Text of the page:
Indiana Divorce & Online Divorce Forms : Limited Scope Representation
Also, consider that online legal research resources are much improved and for many uses, free. See Google Scholar as an example.
With these online form services, and the availability of better online research resources, will need for a divorce attorney be obsolete? Not quite.
The online resources and DIY divorce kits are best suited for parties who have simple marital estates and agree on everything, but, even then while the forms can cause the marriage to be dissolved they cannot provide legal advice. The legal advice is crucial for most people. There are good reasons why attorneys say that a man who represents himself will have a fool for a client.
Example: About once a month our office gets a call from someone who "thinks there was a mistake" because his name (usually a he) was left on the mortgage when he "signed the quitclaim deed." There is a long pause after we explain that a quitclaim deed has nothing to do with the mortgage. There was no mistake. The form, which was coverted into a binding court order with the judge's signature, clearly left him obligated on the mortgage for an indefinite amount of time, while his ex-wife continues to live there. Oh yeah, and the real rub is that by giving her the quitclaim deed he gave her his half of the equity in home. A second long pause and, I suspect, nausea. The mistake was his - he thought the quitclaim deed relieved his obligation on the mortgage.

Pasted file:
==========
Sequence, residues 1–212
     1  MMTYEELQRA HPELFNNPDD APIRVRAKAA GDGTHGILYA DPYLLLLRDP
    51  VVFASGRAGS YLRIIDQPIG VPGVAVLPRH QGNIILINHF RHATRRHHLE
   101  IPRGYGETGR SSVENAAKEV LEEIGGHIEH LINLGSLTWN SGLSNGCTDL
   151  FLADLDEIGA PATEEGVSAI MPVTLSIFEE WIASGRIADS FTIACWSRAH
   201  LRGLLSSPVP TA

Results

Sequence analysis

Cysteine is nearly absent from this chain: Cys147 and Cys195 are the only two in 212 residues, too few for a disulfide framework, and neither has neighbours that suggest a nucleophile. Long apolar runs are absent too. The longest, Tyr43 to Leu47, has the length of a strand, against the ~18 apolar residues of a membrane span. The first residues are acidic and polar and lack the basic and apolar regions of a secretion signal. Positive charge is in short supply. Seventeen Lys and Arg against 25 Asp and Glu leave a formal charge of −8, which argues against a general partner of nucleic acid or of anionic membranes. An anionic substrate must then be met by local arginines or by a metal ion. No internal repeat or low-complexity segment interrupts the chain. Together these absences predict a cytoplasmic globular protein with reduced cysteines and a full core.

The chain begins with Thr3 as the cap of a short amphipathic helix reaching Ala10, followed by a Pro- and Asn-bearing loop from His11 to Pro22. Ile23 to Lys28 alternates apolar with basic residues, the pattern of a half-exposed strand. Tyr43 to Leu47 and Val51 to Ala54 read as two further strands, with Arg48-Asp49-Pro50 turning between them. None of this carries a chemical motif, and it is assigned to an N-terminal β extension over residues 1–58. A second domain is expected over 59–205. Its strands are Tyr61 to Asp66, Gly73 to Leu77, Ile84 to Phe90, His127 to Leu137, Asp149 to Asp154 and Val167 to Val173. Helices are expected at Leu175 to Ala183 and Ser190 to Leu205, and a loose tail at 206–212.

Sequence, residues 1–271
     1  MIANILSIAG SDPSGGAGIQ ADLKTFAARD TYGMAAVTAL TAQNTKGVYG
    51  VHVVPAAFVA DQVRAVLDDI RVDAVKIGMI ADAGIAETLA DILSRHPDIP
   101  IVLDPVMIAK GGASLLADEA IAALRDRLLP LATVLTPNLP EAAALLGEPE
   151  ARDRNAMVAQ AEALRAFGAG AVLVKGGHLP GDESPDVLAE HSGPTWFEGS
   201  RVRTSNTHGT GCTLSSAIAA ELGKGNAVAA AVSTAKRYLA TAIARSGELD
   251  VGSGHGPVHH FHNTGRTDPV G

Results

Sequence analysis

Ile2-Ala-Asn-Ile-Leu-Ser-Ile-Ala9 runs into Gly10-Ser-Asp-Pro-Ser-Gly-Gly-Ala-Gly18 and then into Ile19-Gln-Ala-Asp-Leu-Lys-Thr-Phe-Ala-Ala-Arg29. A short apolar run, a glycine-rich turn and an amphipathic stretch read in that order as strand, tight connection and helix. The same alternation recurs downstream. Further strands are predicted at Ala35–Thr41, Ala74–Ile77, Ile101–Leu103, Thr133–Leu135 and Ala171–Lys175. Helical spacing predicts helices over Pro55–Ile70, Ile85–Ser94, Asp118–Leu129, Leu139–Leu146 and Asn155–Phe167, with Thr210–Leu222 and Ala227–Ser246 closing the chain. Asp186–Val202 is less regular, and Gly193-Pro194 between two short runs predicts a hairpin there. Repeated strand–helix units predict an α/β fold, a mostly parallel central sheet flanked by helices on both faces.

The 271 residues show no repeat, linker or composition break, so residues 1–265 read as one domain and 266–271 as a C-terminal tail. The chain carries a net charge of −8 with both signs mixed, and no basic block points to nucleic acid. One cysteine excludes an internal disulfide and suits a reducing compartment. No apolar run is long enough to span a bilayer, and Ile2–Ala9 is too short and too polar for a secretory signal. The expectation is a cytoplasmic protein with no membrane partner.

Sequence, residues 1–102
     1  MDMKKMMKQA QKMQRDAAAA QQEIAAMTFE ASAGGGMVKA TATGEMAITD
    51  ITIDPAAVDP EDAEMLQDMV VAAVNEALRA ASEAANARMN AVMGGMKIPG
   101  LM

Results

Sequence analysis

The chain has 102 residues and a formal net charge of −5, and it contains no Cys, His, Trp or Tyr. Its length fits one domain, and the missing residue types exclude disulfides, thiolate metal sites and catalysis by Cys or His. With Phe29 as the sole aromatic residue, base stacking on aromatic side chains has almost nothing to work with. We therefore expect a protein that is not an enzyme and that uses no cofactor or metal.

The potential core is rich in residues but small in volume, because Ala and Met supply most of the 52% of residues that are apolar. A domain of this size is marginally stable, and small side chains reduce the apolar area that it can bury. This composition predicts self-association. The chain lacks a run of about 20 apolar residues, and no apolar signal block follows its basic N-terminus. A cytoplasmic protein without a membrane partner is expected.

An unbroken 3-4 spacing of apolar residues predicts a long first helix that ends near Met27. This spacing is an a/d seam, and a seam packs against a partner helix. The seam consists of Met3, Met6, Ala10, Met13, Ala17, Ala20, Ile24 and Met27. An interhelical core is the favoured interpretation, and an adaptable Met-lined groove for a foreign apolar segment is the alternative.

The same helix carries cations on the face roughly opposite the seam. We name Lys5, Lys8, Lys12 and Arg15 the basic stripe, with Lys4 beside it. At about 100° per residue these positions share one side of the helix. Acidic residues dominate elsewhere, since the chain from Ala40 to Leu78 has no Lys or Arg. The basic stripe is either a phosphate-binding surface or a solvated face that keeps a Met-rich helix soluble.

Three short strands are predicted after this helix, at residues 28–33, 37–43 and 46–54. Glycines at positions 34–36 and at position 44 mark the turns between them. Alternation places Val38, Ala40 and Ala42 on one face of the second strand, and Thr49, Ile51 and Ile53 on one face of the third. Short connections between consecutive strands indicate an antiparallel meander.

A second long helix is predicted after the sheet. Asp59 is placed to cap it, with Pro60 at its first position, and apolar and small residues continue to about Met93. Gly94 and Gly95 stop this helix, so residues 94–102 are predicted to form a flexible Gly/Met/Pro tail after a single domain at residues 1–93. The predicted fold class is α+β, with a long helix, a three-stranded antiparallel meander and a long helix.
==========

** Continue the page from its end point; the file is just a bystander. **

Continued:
Any attorney would have been helpful in the above scenario, and an attorney's advice is still possible when using legal forms. In lawyer-speak we call this unbundling legal services, or limited-scope representation. All this really means is that an attorney can be hired to help with only part of the case, or, in this example, to review and provide feedback to the divorce settlement agreement.
If you or someone you know are considering using online forms, also consider getting an attorney to review the forms and provide feedback.
For more on unbundling legal services see Sam Hasler's blog posting, or a posting by the Indiana Law Blog regarding limited-scope representation.